Krishna Bahadur Mahara, who was arrested earlier this week over rape allegations, admitted to Norvic HospitalPolice arrested Mahara on Sunday evening from his residence in Baluwatar following a court order.
Krishna Bahadur Mahara, who was arrested on Sunday over rape allegations, has been admitted to Norvic Hospital.
“We had taken him for a regular check-up after he complained of chest pain. His blood pressure and sugar level were found to be on the higher side. So doctors suggested that Mahara be admitted,” Senior Superintendent of Police Uttam Raj Subedi, chief of Kathmandu Metropolitan Police Range, told the Post.
Officials at the hospital confirmed that Mahara has been admitted.
“No one is allowed to meet Mahara, as he is in custody,” said Subedi.
After his arrest, police had kept Mahara in Singha Durbar police station.
Police arrested Mahara on Sunday evening from his residence in Baluwatar following a court order to investigate into rape allegations filed by a female staff member at the Parliament Secretariat on Friday, almost a week after reports surfaced that the former House Speaker had raped her in her Tinkune apartment.
Mahara stepped down as the House Speaker October 1 but he has not resigned as a Member of Parliament.
Mahara’s is the first high profile arrest in the country over rape allegations.
In the aftermath of the accusations and Mahara’s subsequent resignation as Speaker of the House of Representatives, there were many fears regarding the woman’s safety, the politicisation of the case, and if an impartial investigation into Mahara was even possible, given his political standing in the ruling Nepal Communist Party (NCP).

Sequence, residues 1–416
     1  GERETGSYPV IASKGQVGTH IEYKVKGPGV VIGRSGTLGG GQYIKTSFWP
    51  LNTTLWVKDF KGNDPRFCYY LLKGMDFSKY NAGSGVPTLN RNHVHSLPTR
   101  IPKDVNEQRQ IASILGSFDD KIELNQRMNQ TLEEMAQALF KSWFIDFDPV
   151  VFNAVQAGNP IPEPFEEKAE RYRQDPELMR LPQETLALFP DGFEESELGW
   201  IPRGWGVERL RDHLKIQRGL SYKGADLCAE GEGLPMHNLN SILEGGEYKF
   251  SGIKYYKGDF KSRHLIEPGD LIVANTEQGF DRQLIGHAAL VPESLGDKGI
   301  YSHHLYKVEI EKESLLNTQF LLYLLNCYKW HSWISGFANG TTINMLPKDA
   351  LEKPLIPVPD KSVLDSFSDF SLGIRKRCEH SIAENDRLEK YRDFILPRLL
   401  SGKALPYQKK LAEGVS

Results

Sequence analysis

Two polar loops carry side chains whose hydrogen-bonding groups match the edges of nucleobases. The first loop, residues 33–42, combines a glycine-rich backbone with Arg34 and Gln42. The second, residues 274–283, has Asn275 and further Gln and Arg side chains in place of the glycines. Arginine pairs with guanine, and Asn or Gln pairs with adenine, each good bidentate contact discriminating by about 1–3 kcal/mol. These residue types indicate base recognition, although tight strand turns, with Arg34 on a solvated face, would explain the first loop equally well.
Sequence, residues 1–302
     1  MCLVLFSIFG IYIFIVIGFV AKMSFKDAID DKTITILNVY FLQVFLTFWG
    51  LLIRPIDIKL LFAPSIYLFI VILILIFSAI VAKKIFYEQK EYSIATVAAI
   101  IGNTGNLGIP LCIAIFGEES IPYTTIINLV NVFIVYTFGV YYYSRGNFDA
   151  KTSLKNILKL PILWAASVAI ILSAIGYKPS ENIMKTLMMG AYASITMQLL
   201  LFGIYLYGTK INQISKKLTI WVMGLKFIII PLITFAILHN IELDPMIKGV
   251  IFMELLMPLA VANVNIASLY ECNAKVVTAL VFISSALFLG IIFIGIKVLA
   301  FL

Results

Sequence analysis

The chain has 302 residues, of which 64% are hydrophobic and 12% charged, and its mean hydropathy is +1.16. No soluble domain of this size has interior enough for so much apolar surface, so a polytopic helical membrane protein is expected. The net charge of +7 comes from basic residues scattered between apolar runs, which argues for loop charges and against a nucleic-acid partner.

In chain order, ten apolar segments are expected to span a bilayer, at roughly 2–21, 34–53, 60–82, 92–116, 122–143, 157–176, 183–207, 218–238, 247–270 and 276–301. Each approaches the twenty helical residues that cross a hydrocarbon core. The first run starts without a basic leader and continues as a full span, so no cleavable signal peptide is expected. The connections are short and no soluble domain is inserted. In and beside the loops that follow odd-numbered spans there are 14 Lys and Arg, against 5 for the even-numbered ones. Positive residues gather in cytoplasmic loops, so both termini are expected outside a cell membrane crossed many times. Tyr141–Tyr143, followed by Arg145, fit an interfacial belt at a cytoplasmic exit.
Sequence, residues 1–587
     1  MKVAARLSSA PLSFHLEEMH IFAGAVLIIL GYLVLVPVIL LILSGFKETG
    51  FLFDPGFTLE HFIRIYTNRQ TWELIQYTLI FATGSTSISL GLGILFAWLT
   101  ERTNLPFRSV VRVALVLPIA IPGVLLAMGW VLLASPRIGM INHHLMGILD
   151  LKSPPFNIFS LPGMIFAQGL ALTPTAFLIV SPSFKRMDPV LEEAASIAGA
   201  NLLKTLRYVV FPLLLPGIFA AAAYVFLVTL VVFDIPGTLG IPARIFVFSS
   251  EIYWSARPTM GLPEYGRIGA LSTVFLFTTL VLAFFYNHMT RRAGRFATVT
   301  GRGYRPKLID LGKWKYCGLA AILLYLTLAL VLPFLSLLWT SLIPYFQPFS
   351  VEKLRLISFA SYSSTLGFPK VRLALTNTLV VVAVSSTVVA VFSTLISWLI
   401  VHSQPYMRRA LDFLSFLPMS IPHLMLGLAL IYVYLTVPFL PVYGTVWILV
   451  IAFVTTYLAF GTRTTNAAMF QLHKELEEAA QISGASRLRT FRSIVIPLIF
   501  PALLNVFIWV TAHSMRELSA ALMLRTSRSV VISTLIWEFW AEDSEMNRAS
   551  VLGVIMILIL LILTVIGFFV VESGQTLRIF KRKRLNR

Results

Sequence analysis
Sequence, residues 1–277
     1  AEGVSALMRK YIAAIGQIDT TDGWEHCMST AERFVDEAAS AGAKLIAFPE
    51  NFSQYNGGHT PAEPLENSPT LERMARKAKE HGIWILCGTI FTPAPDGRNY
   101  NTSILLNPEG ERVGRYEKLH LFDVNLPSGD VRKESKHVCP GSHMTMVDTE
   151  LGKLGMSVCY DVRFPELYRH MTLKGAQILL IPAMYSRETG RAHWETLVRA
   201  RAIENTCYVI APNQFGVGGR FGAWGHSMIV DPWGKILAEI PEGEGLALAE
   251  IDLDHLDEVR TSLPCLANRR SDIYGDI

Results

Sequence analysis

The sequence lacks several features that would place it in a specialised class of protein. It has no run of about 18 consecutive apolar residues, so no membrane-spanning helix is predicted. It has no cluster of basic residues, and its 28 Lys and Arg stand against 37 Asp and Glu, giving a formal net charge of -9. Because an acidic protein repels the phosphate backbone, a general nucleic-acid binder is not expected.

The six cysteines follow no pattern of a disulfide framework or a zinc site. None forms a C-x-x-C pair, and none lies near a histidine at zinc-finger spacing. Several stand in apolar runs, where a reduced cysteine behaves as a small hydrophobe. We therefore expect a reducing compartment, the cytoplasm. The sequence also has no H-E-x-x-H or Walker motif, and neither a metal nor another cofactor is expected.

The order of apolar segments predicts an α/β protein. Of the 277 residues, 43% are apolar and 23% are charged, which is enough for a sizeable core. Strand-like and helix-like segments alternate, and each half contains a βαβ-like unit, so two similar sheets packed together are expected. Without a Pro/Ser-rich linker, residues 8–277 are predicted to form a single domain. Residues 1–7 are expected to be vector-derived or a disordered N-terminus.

Conflicting statements from the accuser had further led to confusion.
The woman first made the allegations against Mahara on September 30 via a media portal. She then recanted her accusations in a video interview for another online platform. Many had believed that her recantation was made under duress.
Police had failed to make any progress on the case, citing the lack of a formal complaint and the woman’s disavowal of her initial allegations.
The investigation moved forward after rights groups and the international community expressed concerns over police and the state’s lackadaisical approach to gender-based violence.
Taking cognizance of the case, the National Human Rights Commission last week formed a three-member committee to monitor and study the investigation process. The United Nations’ office and six foreign missions based in Kathmandu in a statement on Friday reminded the government of Nepal of its obligations under international laws to ensure access to justice for victims, stand for victims’ rights and send a zero-tolerance message to combat gender-based violence. They, however, stopped short of referring to Mahara by name in their statement. Their concern about the high prevalence of violence against women in Nepal came just as there was public scrutiny of all developments in relation to the case.
As courts are currently closed for Dashain holidays, a hearing on Mahara case is unlikely before October 15.
“We are preparing to record his statement,” said Deputy Superintendent of Police Hobindra Bogati, spokesperson for the Kathmandu Metropolitan Police Range. “Once the courts open on October 15, we will produce Mahara before the court.”